I suspect my family resembles most other families in that the members thereof possess varying levels of understanding and empathy and acceptance of differences. The bigger the family, the more the variance.
This week's writing prompt, "Things only my family would understand," first drew a chuckle then sent me down memory lane. It wasn't an altogether pleasant trip. In writing this article, I determined that understanding comes under "nice to have," while acceptance is the holy grail.
That said, I come from a very traditional family. A young child during the Women's Liberation Movement, I grew up quietly rebellious. For instance, when offered the opportunity to join the school's marching band in the fifth grade, I requested a clarinet and received the response, "No, band is for boys. You'll play piano in the orchestra."
I never showed up for orchestra class and quietly slipped into study hall instead.
In college while living on campus, I happened to see my mother at the local shopping mall. We greeted each other and she mentioned she'd been ill and that she wished I were home, because she needed someone to sweep the kitchen floor. "Mom, you have three sons living at home and they all have working arms and legs," I replied. She never considered enlisting my brothers for the simple housekeeping task of sweeping.
Yeah, traditional. Really traditional.
So, any ambition to do what my family considered unsuitable or futile met with disapproval. I never quite knew whether that disapproval stemmed from the assumed impropriety of a "girl" possessing ambition, a conviction that the task or activity itself was unsuitable or unworthy, or that they just considered me incompetent and wished to discourage me from the pursuit of failure. I never had the courage to ask.
When I married, a whole new set of expectations fell upon my shoulders. Then came motherhood. I put most of my ambitions on the back burner. The goal of showing, breeding, and training horses: gone. The goal of earning a graduate degree: gone. The practical responsibilities of adulthood took precedence. I took a long hiatus from writing. When I finally did resume writing, no one really understood. To this day, I don't think anyone in my family really understands. Or approves.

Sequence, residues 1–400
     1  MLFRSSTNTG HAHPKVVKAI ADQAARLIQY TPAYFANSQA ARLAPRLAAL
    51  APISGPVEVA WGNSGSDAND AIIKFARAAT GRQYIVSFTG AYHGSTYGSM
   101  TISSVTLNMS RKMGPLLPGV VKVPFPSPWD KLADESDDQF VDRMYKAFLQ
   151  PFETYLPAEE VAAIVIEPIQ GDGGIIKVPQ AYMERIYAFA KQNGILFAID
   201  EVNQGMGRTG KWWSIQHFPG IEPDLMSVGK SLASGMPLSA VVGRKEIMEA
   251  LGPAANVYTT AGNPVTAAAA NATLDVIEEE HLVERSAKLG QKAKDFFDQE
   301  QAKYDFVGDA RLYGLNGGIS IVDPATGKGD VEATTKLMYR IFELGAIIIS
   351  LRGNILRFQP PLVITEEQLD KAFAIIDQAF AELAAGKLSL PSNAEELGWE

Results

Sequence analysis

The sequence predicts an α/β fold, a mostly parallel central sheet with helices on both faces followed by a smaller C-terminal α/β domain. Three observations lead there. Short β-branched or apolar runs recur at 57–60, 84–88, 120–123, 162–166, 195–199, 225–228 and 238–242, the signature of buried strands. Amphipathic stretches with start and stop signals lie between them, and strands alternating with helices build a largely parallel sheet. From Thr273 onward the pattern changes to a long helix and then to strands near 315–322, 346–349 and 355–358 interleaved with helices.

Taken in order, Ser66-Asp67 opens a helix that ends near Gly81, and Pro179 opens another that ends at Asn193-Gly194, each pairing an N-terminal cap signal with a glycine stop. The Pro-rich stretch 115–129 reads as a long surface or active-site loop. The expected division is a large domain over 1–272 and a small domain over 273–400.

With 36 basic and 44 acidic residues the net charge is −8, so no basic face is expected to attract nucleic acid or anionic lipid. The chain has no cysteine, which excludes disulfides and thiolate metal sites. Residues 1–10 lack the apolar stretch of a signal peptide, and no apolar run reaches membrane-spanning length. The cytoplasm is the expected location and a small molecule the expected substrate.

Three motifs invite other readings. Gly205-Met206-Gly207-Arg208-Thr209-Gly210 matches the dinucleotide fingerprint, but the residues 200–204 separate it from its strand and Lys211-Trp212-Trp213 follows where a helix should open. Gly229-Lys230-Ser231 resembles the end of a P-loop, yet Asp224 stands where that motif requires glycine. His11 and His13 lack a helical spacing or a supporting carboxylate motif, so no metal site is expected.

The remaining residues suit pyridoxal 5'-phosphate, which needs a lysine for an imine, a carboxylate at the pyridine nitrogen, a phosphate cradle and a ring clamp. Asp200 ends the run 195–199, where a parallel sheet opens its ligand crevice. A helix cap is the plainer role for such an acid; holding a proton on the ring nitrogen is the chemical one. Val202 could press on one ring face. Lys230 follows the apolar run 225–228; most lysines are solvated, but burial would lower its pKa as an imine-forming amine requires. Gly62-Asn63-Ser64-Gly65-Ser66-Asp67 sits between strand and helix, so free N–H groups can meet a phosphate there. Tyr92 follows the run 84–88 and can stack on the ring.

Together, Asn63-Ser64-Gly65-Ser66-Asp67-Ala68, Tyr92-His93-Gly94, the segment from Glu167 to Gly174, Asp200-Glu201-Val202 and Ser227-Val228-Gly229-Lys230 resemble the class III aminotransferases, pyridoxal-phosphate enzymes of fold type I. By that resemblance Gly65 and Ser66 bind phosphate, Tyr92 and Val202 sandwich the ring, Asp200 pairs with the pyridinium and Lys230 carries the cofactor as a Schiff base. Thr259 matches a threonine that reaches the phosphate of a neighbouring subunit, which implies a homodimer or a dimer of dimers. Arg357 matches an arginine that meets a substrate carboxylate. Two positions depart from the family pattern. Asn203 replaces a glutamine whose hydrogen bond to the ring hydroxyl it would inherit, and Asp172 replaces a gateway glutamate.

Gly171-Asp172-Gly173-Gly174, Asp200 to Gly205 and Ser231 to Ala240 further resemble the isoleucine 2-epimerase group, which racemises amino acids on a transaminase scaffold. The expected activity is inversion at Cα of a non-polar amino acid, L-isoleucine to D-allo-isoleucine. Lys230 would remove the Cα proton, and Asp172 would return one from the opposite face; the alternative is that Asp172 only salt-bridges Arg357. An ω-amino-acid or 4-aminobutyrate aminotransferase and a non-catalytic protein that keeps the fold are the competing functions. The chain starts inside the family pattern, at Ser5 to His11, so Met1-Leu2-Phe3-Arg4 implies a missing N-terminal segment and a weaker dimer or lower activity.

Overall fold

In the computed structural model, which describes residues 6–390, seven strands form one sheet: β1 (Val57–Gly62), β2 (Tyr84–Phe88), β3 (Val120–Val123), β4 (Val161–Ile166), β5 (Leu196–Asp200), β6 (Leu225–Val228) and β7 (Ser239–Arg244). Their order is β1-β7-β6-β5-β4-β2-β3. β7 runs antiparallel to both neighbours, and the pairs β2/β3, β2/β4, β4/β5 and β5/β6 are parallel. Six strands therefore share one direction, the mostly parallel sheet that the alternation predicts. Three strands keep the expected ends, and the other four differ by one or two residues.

My children adopted that attitude of mommy being both strange and incompetent, whether to protect myself or them from the embarrassment of my inevitable failure I don't know. But with their knowledge that I will do as I see fit has come resigned acceptance. They know I'm not going to stop writing, that I'm not going to suddenly turn into a social butterfly.
Now, when I venture into the company of other people--even when it's for a reason they don't understand--I receive support. For instance, I joined a mastermind group this year. "What's a mastermind group?" the younger son asked. My husband replied, "It doesn't matter. It gets your mother out of the house." "Good point," our boy replied.
The knowledge that I'm the family's screw-up--the weird one, the failure--just doesn't sting as much as it used to. Perhaps I've reached a level of maturity that eluded me before. Or maybe I finally decided to live up to my own expectations instead of everyone else's. It took me long enough to get to that point, didn't it?
I can't speak to the things only my family would understand, only to the things which they have accepted because I gave them no other choice. I'm a writer. I write strange and wonderful and oftentimes salacious things. This does not mean that I never fail to understand the ambitions and desires of others. I, too, have limits in empathy and comprehension, although I like to think that I can accept that which I do not understand and acceptance might come after a lot of kicking and screaming in protest.
I don't care whether anyone understands that. I only care that they accept it.